But after this no matter how hard I tried I couldn’t come with an idea of what to make for the next month until a friend just mentioned one day to make a Pac-Man clone and so I did. And this is how Munch Muncher was born. This game works pretty much like classic Pac-Man but with only one level.
And here we are on the last month, I decided to bring my scope way down for this one but also coming out with a bang by making another 3D game but also felt like a complete game ready to be published as most of my previous games feel more like gameplay demos. So for this I made Paddler which is like a 3D Pong that instead of playing inside a rectangle you play inside a cube. To make it feel complete I added complete UI for choosing how to play the game, which could be against a variable difficulty AI, or against a second player which automatically made the game work split screen or having 2 AIs duke it out which would make the camera show a more cinematic view of the playing cube. The game also remembers your previously selected preferences. But most importantly of all this game uses bloom effects to make the neon look on the stadium, and this makes it the first time I’ve done any kind of post-processing.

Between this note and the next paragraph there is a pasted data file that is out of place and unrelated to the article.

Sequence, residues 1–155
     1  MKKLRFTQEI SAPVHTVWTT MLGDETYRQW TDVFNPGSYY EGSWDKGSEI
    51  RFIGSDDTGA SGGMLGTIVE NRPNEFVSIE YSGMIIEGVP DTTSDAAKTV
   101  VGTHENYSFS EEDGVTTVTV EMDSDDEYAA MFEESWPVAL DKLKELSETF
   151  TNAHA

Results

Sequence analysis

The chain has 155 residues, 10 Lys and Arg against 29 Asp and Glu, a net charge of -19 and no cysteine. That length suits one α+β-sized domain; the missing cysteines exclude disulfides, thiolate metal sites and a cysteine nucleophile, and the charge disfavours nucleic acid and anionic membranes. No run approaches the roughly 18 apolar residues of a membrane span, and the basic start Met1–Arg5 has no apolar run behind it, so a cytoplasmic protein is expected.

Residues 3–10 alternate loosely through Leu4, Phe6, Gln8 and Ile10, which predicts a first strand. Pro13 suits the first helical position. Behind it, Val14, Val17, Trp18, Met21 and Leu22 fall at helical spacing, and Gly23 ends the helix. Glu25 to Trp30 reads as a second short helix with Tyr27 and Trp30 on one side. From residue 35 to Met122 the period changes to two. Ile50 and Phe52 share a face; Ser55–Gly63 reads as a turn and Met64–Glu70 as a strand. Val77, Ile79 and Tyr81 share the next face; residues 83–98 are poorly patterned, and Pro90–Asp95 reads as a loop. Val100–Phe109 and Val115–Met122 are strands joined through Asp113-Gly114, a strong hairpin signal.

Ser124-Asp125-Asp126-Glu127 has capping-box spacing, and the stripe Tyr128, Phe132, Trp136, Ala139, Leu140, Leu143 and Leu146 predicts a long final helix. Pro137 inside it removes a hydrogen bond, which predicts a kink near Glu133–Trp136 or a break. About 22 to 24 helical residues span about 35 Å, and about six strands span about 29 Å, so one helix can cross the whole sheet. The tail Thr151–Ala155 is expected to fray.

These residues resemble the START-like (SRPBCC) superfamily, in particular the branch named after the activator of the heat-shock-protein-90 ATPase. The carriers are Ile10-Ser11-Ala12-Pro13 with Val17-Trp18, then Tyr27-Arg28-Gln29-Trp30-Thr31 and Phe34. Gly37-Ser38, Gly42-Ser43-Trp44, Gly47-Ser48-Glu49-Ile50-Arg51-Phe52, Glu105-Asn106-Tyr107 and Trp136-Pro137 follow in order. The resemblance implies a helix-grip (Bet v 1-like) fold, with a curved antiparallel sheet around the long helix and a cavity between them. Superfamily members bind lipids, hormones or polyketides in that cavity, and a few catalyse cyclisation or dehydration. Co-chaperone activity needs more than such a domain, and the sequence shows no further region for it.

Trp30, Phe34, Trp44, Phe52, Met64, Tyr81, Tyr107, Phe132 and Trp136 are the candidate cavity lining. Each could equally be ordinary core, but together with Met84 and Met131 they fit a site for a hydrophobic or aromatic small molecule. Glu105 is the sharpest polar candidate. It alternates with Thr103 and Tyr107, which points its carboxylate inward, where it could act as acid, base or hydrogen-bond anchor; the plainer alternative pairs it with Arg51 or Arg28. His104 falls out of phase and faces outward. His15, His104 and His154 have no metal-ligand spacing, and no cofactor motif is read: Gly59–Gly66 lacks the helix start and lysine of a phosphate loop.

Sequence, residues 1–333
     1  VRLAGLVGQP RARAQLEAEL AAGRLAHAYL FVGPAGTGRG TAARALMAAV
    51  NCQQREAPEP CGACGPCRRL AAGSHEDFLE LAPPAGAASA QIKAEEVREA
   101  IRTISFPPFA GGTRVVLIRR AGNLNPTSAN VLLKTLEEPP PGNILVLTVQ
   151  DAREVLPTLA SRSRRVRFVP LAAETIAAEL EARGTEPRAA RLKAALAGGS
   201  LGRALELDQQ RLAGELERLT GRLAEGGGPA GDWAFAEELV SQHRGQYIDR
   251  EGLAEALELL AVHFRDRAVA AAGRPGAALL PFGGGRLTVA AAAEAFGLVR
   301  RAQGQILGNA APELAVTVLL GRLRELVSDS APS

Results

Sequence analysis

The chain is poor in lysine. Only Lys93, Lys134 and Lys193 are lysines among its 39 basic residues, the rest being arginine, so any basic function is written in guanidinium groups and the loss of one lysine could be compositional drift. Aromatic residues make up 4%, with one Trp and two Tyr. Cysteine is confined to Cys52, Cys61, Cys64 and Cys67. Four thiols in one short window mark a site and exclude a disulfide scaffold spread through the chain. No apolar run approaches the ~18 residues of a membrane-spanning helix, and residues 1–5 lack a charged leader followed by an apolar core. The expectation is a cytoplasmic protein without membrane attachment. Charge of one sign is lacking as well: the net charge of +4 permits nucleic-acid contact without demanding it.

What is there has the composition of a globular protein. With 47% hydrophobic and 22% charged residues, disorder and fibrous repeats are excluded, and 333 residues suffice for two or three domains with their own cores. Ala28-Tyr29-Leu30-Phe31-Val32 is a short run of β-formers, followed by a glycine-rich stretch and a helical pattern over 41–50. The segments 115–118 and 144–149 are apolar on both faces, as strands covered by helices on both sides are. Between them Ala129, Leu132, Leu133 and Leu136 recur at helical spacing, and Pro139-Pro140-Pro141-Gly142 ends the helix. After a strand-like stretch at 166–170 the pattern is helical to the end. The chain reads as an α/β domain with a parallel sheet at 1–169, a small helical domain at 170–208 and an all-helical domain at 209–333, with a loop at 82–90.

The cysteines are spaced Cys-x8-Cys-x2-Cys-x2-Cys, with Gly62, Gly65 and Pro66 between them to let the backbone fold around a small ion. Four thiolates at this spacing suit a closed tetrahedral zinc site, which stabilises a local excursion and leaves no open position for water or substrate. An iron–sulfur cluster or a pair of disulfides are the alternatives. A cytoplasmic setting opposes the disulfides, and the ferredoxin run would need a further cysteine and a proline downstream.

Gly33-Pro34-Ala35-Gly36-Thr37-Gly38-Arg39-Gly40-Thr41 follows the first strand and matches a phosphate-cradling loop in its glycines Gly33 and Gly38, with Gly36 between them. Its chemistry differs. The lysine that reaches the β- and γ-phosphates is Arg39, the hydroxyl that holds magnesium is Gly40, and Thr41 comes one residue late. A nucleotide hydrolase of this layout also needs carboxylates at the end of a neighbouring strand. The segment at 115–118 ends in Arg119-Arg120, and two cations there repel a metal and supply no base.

And the Journey Ends
A year and 12 games later here I am having completed the challenge. I feel my skills have improved quite a bit, and my motivation has risen so much from how it was before I started, but even then I still have ways to go to becoming a full-fledged gamedev. But this is not the end it is just the beginning I will keep working on games and will keep posting here as I do. I will first work on the game I had to cancel for the challenge and will try to finish it before the end of the year. And a lot of other ideas I plan to work with, so stay tuned on this blog as I post more updates.